corporations. By siphoning wage settlements (and other benefits)
through industrial unions, the oligarchs at once remove both the
issues and the political pressure. 'Workers, persuaded that their
interests are served not through politics but through "collective
bargaining," not through the exercise of their political
power as citizens but through the economic power of an economic
organization, are to that extent shunted out of politics, like
trains switched from one track to another. The willingness of
millions of citizens to act for themselves becomes sharply impaired,
for men do not take readily to politics when politics appears
irrelevant to their most immediate concerns. This is the primary
function of industrial unions-to make politics appear irrelevant
to millions of citizens.
Although trade unions now and then talk about "trade union
democracy," the ability of union members to control union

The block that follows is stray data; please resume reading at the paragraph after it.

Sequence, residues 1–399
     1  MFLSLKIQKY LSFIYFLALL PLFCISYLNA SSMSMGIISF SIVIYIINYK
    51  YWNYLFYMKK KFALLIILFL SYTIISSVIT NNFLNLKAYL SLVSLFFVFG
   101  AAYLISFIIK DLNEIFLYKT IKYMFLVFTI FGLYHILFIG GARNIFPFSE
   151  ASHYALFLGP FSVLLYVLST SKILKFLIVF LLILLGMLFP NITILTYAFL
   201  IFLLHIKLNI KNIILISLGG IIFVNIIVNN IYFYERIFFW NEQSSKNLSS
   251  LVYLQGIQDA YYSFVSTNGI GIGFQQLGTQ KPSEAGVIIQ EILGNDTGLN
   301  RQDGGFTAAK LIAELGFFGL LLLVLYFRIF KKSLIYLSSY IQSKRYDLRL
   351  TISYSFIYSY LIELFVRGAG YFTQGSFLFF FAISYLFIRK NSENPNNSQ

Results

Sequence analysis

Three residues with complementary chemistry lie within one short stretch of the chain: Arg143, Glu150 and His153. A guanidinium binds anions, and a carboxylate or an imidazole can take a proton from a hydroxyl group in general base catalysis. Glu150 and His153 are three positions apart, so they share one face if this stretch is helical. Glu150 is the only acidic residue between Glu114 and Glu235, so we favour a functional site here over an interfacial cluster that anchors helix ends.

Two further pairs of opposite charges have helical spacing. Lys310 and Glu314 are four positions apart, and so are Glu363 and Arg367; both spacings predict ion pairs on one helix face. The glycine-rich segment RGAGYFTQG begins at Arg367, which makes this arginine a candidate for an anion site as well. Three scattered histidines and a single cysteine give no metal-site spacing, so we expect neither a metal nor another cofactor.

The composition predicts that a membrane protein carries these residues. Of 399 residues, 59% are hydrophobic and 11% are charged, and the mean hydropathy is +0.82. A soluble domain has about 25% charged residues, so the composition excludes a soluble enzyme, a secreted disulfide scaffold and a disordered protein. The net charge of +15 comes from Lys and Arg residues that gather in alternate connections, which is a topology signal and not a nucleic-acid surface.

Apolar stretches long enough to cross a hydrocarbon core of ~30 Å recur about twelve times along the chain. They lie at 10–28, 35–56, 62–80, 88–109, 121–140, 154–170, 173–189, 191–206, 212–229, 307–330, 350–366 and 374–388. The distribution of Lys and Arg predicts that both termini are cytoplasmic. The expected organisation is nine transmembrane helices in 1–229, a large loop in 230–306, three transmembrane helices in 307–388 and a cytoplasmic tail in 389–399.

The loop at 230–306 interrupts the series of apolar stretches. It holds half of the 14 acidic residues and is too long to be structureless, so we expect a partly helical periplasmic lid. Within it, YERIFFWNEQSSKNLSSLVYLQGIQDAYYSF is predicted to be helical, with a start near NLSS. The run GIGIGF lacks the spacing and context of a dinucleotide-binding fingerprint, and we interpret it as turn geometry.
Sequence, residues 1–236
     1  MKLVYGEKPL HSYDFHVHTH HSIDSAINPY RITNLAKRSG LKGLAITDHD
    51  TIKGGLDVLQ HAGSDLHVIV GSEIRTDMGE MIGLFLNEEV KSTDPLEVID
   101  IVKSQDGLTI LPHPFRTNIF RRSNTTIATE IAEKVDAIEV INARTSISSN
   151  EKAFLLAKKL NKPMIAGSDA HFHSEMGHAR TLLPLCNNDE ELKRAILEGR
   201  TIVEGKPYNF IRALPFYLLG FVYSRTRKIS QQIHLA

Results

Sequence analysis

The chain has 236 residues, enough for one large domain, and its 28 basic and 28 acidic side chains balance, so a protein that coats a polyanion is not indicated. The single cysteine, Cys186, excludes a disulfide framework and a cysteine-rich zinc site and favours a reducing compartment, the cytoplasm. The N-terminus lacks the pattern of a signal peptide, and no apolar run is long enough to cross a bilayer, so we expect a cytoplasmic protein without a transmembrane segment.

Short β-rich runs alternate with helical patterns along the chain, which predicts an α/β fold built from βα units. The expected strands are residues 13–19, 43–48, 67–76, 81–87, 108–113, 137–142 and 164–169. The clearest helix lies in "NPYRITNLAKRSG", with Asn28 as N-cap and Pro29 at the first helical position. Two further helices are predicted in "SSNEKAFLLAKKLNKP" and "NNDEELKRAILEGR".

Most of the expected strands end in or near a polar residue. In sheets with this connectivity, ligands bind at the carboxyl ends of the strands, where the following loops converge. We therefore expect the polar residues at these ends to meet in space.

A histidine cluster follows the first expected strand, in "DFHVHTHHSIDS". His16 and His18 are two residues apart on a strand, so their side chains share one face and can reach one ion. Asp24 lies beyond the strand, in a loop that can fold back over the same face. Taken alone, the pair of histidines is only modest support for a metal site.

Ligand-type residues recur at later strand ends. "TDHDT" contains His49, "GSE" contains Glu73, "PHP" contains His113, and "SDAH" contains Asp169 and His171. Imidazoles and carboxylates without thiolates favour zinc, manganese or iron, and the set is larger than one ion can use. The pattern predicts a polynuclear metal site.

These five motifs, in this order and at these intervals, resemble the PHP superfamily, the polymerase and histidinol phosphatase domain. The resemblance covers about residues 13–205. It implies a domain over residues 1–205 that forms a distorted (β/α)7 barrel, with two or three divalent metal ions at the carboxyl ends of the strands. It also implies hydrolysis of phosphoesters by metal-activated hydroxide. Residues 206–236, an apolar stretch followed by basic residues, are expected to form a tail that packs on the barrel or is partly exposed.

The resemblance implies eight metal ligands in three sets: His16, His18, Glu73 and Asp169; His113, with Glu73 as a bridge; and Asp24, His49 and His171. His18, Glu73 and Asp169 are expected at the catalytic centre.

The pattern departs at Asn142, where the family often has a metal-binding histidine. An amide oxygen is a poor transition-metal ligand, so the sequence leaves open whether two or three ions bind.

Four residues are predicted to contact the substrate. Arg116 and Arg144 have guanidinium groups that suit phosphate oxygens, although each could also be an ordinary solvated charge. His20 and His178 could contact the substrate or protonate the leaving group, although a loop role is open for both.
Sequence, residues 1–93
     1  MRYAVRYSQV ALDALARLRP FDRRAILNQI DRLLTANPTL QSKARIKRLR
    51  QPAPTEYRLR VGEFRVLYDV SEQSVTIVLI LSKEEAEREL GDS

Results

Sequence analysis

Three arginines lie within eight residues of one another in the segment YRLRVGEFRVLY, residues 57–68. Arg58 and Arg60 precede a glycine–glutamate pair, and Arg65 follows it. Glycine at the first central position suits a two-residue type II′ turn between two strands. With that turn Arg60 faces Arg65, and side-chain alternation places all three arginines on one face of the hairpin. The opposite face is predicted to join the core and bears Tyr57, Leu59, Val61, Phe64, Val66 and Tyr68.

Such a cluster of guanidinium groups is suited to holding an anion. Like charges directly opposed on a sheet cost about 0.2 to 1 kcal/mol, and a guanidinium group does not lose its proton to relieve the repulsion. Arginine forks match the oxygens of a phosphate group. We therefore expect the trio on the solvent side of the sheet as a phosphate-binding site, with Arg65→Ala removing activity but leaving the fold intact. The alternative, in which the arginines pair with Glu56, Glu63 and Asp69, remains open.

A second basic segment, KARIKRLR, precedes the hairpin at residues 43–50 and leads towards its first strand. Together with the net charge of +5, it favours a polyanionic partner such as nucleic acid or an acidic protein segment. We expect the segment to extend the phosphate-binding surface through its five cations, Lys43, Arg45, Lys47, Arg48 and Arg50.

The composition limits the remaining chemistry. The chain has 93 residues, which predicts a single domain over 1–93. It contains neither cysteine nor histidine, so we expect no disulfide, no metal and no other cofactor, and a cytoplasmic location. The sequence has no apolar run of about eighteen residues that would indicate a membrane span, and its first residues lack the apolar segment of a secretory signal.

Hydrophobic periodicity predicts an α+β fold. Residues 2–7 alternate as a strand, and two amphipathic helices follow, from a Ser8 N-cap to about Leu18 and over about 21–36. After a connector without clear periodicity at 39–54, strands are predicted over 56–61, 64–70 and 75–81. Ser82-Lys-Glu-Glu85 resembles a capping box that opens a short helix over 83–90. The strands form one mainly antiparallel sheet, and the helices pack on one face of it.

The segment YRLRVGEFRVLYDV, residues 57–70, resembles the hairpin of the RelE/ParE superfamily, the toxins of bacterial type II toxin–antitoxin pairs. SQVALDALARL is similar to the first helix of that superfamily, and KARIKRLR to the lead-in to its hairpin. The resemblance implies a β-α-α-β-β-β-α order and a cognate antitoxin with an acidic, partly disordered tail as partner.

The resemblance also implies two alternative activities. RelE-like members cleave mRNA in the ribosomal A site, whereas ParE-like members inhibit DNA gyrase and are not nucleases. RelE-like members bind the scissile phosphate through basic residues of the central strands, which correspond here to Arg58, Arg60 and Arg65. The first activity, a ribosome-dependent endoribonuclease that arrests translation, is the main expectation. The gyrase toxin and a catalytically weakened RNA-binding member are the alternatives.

officials is virtually nil. This is because every condition that
makes self-rule possible, let alone a reality, is lacking within
most trade unions. The essential condition of self-rule, in a
trade union as well as a political community, is that members
can act together independently of their temporary rulers. For
such acting together, however, the unions provide no mechanisms,
no forums, no necessary conditions. It is the leaders, not the
members, who control the money, the patronage, the union jobs,
the union meetings, the union press and all sources of information
about union affairs. It is they who control the union's electoral